A dice rolling program is only as good as the worst of:
- the random number return to die-sides algorithm
- the pseudo-random seed generator
Most are close enough to be better than dice.
Since computers can not generate truly random numbers, no die roller is truly random. The pseudorandom numbers, however can be sufficiently random enough to be more random than real dice.
A recent study found that most commercial d6 are biased significantly. The study had some flaws, but generally showed a bias for low numbers on most commercially produced d6's. (In one company's run, almost to the point of 1's being 2/7 of 1d6 rolls!) No individual batch tested showed a truly even distribution.
Some technical details...
There are two methods of random number return used in programming:
- A fractional return on a float or double-float (double). EG: 0.348826495
- A whole number return on an int or double-int (long). eg: 25565
given a fractional, the norm is to multiply the sides by the returned fraction, giving a fractional number between 0 and sides; round that down, getting an integer from 0 to sides-1, inclusive; then add 1, to get an integer from 1 to sides, inclusive. Due to both the nature of the fractions, has a slight bias, but it's effectively below resolution, on 16 bit machines. On some 8 bit machines using single precision, it has a notable bias on larger die types. The use of rounding routines also can affect this; the most common is a truncation, which is mathematically acceptable. §
Given an integer return, the normal mode is to perform a modulus operation (in American: find the remainder). Then add 1. 1+ ( Return modulus sides ). This introduces a very slight bias except for d4, d8, and d16. That bias is for LOW numbers, and is (maximum_return mod sides) / maximum_return. On 8 bit machines, with single precision integer returns, that's (256 mod sides)/256, for 0 for d4, d8, and d16, 1/64 for d6 and d10, 3/128 for d10, and 1/16 on d20. It's 7/32 for d100... on a 16 bit machine, with a long return (32bit integer), it's negligible for all dice below 10000 sides...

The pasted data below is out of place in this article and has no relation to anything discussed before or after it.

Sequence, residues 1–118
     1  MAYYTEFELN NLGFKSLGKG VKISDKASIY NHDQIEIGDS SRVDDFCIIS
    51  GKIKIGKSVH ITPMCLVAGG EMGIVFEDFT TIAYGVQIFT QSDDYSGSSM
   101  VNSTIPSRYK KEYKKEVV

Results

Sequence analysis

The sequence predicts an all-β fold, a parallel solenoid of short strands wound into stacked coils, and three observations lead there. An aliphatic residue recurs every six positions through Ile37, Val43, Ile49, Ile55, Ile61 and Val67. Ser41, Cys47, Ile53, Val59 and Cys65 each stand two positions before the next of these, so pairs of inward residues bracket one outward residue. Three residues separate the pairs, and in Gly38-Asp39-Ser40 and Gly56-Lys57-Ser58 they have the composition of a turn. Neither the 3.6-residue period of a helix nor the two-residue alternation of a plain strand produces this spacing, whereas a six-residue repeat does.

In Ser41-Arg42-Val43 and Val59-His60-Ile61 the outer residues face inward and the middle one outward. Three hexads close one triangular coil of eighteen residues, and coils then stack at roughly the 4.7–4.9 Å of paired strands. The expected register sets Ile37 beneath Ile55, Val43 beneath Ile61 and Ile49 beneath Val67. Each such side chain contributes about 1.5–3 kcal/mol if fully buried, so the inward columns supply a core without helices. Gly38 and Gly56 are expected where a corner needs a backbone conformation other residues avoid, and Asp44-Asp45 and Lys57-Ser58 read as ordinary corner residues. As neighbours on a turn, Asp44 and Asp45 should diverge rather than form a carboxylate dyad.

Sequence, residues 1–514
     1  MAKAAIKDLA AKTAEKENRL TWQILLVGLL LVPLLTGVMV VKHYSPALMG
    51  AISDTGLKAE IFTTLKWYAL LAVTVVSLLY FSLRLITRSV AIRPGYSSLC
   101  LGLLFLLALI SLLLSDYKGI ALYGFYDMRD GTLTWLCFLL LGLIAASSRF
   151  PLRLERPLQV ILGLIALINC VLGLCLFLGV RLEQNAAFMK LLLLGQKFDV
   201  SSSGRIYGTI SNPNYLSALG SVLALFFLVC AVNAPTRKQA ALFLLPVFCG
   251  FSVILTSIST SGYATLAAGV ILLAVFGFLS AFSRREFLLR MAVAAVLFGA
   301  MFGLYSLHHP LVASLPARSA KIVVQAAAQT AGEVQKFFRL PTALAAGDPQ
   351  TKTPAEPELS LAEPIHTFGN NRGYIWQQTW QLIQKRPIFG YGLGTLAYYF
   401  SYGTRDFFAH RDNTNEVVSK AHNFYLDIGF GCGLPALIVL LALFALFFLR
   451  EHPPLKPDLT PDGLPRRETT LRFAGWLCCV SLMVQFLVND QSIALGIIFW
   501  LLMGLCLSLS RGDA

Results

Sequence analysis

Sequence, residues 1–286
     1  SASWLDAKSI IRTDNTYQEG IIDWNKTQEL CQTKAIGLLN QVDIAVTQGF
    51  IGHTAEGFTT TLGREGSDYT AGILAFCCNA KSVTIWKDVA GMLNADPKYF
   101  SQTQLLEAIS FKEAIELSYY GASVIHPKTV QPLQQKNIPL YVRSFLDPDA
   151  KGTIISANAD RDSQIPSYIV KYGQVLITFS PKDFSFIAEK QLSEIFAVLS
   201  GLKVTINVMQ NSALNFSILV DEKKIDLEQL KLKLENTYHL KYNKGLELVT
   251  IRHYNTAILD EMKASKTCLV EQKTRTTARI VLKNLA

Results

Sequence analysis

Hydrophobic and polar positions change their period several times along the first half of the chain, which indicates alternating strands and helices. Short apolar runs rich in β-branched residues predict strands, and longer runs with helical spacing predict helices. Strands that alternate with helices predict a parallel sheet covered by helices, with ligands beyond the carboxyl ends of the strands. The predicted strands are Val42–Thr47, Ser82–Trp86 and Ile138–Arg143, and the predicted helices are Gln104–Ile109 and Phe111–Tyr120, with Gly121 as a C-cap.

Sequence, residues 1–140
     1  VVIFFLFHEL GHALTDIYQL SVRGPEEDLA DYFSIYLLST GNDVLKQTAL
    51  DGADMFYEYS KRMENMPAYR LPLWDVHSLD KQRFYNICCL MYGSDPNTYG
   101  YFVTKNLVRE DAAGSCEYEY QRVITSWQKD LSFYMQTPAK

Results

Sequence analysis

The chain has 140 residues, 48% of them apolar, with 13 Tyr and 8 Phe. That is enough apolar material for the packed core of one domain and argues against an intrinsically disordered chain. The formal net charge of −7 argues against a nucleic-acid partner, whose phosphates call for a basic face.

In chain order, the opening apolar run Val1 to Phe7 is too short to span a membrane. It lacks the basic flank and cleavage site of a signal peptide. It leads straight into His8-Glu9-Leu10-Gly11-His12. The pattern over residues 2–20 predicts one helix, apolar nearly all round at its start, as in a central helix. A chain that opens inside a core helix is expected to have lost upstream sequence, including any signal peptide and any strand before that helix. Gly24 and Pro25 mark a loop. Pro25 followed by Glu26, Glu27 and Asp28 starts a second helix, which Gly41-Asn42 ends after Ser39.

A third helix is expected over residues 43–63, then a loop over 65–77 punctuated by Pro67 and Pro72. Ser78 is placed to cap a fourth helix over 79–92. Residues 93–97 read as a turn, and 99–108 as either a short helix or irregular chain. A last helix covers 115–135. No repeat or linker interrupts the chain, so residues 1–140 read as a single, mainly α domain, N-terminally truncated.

But, without looking at sources, the methods and return values can't be fairly evaluated.
The random number generation, however, varies WIDELY by OS, random number generation algorithm used, the random number seeding method, and even programming language used.
On newer machines with 16bit architectures, the skew is usually low, and slight. On 32bit machines, the skew is usually low, and miniscule. As long as you're using one for a 16 bit or newer machine, you should be as random as dice, if not more random.
§ the specification for the applesoft floating point routines written by Wozniak is for a 3 byte and 5 byte, using a single exponent byte, and 2 or 4 byte mantissa.
A typical (IEEE compliant) float these days is 4 bytes long, using a 24 bit signed mantissa (for ±2^23) range and an 8 bit exponent. As decimals output, the limit of precision is about 6 places. A double (double precision floating point) is 4 bytes, 53 signed mantissa and 11 exponent. Quadruple Precision is 8 bytes long with a 113 bit signed mantissa and 15 bit exponent, reliably giving 30+ place decimal accuracy. Note that in all three, the sign bit leads, then the exponent, then the mantissa. Quads are not routinely available yet.